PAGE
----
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signified

[sig-nuh-fahyd]
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noun Linguistics.
  1. the thing or concept denoted by a sign.
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Compare signifier.

Origin of signified

First recorded in 1630–40; signify + -ed2
Related formsun·sig·ni·fied, adjective

signify

[sig-nuh-fahy]
verb (used with object), sig·ni·fied, sig·ni·fy·ing.
  1. to make known by signs, speech, or action.
  2. to be a sign of; mean; portend.
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verb (used without object), sig·ni·fied, sig·ni·fy·ing.
  1. to be of importance or consequence.
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Origin of signify

1200–50; Middle English signifien < Old French signifier < Latin significāre to make a sign, indicate, mention, denote. See sign, -ify
Related formssig·ni·fi·a·ble, adjectiveun·sig·ni·fi·a·ble, adjective

Synonyms for signify

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Dictionary.com Unabridged Based on the Random House Unabridged Dictionary, © Random House, Inc. 2018

Related Words for signified

represent, suggest, spell, portend, imply, manifest, convey, bespeak, symbolize, proclaim, mean, exhibit, show, sign, denote, evince, carry, connote, flash, insinuate

Examples from the Web for signified

Contemporary Examples of signified

Historical Examples of signified

  • Their names often signified some quality of a horse; as Leucippus, a white horse, &c.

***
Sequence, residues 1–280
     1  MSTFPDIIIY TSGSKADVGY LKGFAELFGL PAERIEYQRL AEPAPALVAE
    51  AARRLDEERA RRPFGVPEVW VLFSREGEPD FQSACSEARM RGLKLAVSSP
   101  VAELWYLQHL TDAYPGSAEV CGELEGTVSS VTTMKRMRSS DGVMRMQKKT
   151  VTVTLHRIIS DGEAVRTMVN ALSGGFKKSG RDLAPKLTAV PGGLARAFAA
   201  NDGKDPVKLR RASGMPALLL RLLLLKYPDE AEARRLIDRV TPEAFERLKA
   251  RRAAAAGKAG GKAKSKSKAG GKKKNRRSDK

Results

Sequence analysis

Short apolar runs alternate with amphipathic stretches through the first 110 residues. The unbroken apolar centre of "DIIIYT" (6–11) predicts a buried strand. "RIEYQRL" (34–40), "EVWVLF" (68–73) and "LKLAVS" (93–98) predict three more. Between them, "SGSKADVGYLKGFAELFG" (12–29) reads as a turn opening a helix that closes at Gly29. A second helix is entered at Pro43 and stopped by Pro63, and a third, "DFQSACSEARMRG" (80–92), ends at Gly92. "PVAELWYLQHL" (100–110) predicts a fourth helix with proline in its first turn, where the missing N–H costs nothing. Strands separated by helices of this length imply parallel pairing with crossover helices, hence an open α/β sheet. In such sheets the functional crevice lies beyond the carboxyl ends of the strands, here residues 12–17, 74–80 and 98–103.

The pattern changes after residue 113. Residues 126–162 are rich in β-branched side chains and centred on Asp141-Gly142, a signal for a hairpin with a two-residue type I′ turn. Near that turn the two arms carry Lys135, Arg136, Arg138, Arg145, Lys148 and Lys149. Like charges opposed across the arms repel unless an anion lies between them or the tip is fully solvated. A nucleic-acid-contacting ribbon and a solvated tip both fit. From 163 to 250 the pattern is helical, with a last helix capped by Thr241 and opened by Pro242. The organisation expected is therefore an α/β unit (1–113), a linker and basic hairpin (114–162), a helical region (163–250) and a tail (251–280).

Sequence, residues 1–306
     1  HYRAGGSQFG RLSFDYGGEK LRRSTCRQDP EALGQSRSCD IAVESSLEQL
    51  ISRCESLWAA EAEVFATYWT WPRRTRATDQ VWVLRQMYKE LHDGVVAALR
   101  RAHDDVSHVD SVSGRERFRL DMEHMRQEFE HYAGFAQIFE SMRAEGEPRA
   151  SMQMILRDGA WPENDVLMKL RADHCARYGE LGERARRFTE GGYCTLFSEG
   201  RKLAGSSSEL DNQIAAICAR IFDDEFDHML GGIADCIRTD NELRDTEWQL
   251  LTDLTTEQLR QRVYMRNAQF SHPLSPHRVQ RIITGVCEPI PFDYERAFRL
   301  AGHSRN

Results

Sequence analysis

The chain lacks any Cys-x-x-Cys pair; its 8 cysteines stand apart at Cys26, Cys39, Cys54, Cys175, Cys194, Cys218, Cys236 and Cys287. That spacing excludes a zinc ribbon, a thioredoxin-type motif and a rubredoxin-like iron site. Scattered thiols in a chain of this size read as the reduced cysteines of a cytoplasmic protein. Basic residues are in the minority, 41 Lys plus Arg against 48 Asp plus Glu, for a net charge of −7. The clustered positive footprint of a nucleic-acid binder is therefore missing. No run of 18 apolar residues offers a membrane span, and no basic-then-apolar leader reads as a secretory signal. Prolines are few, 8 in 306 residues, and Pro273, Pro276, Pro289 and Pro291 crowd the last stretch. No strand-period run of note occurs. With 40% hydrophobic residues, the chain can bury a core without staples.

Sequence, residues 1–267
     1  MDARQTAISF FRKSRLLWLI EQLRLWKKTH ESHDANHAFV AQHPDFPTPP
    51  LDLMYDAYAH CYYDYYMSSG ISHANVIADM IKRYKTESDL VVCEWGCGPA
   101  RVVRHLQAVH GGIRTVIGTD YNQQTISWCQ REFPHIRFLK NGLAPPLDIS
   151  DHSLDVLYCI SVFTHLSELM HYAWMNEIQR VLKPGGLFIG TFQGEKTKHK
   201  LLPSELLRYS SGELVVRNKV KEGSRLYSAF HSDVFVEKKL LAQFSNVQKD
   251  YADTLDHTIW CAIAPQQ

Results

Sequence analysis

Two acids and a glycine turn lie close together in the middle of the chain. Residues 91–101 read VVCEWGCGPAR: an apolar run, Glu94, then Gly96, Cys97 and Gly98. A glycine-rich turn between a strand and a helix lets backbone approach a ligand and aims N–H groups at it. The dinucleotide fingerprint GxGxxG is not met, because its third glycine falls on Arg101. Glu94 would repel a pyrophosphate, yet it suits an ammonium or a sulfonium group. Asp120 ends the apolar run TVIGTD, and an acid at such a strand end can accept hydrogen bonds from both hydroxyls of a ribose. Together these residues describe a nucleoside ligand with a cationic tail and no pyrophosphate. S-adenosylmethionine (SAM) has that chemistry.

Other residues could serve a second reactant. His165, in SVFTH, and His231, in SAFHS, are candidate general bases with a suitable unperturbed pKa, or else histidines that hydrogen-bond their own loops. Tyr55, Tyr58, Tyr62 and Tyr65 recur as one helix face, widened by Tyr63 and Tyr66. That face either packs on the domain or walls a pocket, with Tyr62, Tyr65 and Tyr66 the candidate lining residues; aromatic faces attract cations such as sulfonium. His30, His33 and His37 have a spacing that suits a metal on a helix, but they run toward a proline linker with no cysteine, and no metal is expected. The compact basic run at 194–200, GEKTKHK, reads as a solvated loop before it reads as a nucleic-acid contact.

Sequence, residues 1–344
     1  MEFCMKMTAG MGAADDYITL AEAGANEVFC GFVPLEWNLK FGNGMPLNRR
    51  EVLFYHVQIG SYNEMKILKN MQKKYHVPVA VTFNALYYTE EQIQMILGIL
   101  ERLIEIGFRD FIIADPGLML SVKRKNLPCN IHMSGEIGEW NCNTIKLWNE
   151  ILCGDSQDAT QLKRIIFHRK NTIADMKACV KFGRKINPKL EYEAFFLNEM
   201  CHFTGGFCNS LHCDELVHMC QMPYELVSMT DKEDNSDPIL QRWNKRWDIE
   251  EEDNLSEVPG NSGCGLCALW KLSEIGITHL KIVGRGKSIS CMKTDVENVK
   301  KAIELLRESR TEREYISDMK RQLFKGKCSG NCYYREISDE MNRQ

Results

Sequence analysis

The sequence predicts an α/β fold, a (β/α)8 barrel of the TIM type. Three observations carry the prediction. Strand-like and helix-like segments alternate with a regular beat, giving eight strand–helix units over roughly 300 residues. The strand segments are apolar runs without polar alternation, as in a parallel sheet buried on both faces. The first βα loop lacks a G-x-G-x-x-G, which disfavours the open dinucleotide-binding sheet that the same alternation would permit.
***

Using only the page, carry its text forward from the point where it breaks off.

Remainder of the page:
Philothea

    Lydia Maria Child

  • She told me, It signified nothing to talk: I knew the expectation of every one.

    Clarissa, Volume 2 (of 9)

    Samuel Richardson

  • What signified it whether you was married in a red or a yellow waistcoat?

  • Then, with a wave of his hand, he signified to the boys to run out and play games.

    Welsh Fairy Tales

    William Elliott Griffis

  • She signified her helplessness with a quick and dainty movement of her hands.

    The Black Bag

    Louis Joseph Vance


British Dictionary definitions for signified

signify

verb -fies, -fying or -fied (when tr, may take a clause as object)
  1. (tr) to indicate, show, or suggest
  2. (tr) to imply or portendthe clouds signified the coming storm
  3. (tr) to stand as a symbol, sign, etc (for)
  4. (intr) informal to be significant or important
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Derived Formssignifiable, adjectivesignifier, noun

Word Origin for signify

C13: from Old French signifier, from Latin significāre, from signum a sign, mark + facere to make
Collins English Dictionary - Complete & Unabridged 2012 Digital Edition © William Collins Sons & Co. Ltd. 1979, 1986 © HarperCollins Publishers 1998, 2000, 2003, 2005, 2006, 2007, 2009, 2012

Word Origin and History for signified

signify

v.

late 13c., "be a sign of, indicate, mean," from Old French signifier (12c.), from Latin significare "to make signs, show by signs, point out, express; mean, signify; foreshadow, portend," from significus (adj.), from signum "sign" (see sign (n.)) + root of facere "to make" (see factitious). Intransitive sense of "to be of importance" is attested from 1660s. Meaning "engage in mock-hostile banter" is American English black slang first recorded 1932.

...'signifying,' which in Harlemese means making a series of oblique remarks apparently addressed to no one in particular, but unmistakable in intention in such a close-knit circle. ["Down Beat," March 7, 1968]
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Online Etymology Dictionary, © 2010 Douglas Harper